The American debut of the Armstrong set is just one reason that this new package is an essential one. Satchmo had been heard on the original vinyl edition in two duets with Ella Fitzgerald (“You Won’t Be Satisfied” and “Undecided”) but the trumpeter’s full set could not be included on the original LP. Eleven previously unreleased tracks have been reinstated, bringing the total number of Armstrong performances to fourteen. That’s not all, though. Verve Select’s CD edition now has all of the songs performed that summer evening of August 15, 1956, and the set list has been restored to its original running order. (The original LPs altered the sequencing due to the era’s time constraints for vinyl albums.)

Armstrong and his All Star Orchestra took their place beside a truly legendary group of musicians, and Jazz at the Hollywood Bowl offers six solo tracks from Fitzgerald, including takes on Cole Porter’s “Love for Sale” and “Just One of Those Things” plus Richard Rodgers and Lorenz Hart’s “Little Girl Blue” and the then-current showtune introduced by Sammy Davis, Jr. in Mr. Wonderful, “Too Close For Comfort.” Flip Phillips, Illinois Jacquet, Harry “Sweets” Edison and Roy Eldridge were backed by Buddy Rich and the Oscar Peterson Trio with Herb Ellis and Ray Brown on a once-in-a-lifetime jam session incorporating Fats Waller’s “Honeysuckle Rose,” Vernon Duke and Ira Gershwin’s “I Can’t Get Started” and Count Basie’s signature “Jumpin’ at the Woodside.” Piano jazz is well represented by Art Tatum’s four songs, among them the Gershwins’ “Someone To Watch Over Me” and Porter’s “Begin the Beguine,” and the Oscar Peterson’s Trio’s two-song set highlighted by Burton Lane and Ralph Freed’s “How About You?” (“I like New York in June/How about you? I like a Gershwin tune/How about you?”) The concert marked one of Tatum’s last appearances. The entire ensemble joins in for (what else?) “When The Saints Go Marching In,” the jubilant, rousing finale.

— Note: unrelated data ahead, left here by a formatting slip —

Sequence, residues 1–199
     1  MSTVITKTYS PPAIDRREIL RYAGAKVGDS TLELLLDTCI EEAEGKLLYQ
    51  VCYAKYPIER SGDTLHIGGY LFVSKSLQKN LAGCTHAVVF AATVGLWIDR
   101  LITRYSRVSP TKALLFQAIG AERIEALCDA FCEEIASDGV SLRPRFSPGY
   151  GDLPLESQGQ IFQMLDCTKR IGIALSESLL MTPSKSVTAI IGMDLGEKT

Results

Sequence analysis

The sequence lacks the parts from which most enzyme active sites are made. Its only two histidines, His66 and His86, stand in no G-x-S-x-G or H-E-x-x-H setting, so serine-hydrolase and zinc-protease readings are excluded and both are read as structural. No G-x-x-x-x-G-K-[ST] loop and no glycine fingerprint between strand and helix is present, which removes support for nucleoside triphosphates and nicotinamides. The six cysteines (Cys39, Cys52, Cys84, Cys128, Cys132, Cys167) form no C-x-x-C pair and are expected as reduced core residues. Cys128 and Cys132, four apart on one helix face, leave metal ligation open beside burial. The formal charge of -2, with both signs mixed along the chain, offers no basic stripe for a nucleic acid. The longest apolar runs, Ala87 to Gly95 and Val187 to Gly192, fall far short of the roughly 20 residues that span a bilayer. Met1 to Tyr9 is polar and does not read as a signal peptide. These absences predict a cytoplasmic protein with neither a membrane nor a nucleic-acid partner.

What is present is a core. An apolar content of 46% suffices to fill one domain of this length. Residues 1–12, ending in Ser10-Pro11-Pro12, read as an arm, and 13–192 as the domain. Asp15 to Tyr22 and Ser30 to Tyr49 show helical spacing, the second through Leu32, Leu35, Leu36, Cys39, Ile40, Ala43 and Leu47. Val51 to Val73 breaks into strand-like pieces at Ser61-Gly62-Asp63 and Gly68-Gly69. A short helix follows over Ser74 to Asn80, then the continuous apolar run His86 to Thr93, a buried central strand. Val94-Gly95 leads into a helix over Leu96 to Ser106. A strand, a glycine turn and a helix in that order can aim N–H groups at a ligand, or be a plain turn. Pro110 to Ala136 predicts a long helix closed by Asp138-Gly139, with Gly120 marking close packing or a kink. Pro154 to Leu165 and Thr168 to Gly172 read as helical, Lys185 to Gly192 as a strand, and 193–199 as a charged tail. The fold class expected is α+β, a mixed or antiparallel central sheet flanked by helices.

Jazz at the Hollywood Bowl is housed in a digipak reproducing the original artwork plus new photos, detailed annotations and an essay by historian Bob Porter. This 5,000-copy limited edition is available for pre-order now at Hip-o Select for $35.98 and will ship on July 29. It will be available from other retailers beginning August 16. After the jump, you’ll find the complete annotated track listing plus pre-order link at Amazon. Read the rest of this entry »

Written by Joe Marchese

July 19, 2011 at 10:01